Chanel: 'Digital should not be a department'
It is not enough for companies to have a digital department, they must become intrinsically digital if they are to meet the service demands of consumers, according to Chanel’s global digital programme director Phillipe Baumlin.
Speaking at Adobe’s EMEA Summit in London today (24 April) Baumlin said digital is now part of Chanel’s “DNA” and advised the best organisations get their different departments to work together on projects towards the same digital objective.
He said: “Digital poses organisational challenges, that’s clear and we tested several models [at Chanel]. But what I see is that digital cannot be a department in your company. It’s too deep, too important, the whole company has to become digital.”
Baumlin advised the ideal way to structure towards becoming a digital company is for departments to keep the same direct reports but for them to work in the same geographic space as other arms within the organisation towards the same objective.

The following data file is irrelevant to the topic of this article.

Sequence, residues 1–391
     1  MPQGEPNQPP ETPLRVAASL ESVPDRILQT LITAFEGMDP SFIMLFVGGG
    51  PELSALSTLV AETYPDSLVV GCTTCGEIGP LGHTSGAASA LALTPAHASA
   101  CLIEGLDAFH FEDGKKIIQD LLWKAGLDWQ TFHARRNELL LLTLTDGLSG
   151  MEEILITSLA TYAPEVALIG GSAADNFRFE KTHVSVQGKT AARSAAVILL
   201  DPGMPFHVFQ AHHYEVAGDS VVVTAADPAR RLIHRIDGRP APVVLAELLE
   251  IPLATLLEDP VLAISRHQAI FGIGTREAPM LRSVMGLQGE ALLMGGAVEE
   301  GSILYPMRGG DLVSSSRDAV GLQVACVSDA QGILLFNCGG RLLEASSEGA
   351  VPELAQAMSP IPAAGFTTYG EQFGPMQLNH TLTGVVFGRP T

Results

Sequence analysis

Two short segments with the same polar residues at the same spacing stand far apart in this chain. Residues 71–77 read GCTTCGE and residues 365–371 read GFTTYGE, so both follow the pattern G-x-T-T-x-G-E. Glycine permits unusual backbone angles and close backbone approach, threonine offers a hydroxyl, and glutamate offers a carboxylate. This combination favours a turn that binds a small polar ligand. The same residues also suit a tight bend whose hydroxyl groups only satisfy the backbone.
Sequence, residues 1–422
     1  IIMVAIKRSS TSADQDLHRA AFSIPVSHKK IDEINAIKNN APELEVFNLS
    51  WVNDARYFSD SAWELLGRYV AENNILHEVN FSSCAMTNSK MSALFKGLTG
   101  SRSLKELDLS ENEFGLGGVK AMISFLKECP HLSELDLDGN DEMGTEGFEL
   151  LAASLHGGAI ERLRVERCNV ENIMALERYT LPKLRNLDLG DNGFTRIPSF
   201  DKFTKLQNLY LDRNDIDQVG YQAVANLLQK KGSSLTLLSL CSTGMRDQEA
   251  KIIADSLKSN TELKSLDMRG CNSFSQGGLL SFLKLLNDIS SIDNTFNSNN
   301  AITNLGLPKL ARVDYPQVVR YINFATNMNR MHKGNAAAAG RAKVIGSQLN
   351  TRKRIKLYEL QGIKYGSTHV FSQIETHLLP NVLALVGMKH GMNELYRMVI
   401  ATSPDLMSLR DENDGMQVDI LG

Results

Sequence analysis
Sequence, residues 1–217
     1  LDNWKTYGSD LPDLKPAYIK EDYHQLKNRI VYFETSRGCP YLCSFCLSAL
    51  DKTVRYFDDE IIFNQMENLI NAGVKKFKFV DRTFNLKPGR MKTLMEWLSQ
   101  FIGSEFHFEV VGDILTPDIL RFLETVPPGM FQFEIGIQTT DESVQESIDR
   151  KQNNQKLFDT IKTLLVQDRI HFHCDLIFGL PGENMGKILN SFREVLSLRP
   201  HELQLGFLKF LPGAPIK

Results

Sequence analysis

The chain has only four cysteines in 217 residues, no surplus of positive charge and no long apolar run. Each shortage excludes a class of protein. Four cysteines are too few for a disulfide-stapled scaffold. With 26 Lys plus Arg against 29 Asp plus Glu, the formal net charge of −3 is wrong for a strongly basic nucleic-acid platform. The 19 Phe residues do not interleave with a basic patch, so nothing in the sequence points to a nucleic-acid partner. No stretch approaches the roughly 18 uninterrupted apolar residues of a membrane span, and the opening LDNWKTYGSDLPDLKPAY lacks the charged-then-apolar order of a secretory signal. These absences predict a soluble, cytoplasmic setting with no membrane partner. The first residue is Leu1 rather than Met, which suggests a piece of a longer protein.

He added having a steering committee for such projects also helps drive their implementation and tends to lead to “very rich debate”.
“The creative director debating with the CIO is some scene. There are lots of debates about the scope and expectations of the project, with the creative director saying you have to promote a great experience, the CIO saying make it smaller…it’s a very rich debate,” he said.
The luxury industry “is by no means the most advanced industry in digital”, he adds, which he believes is due to the fact that digital does not create any disruption in its business model because a lot of the services that thrive on the web - such as recommendation - already existed in its boutiques. He predicts, however, it will create “a new standard of service” a consumer will expect that the luxury industry will have to reach and exceed.
Digital fits neatly into the aspirational element of the Chanel brand, which the company has served to exploit to bring its products closer to those who may have previously felt they were out of reach.
Baumlin said: “Chanel is a dream for all and digital fits very well with this model. Through digital we can allow any customer to read his own journey into the brand. If he sits on his tablet at home and wants to see a fashion show in Paris, he can dive right into the brand and discover the story of the bag and the jacket and how Coco [Chanel, the company’s founder] was making this revolution for women in the early 90s.”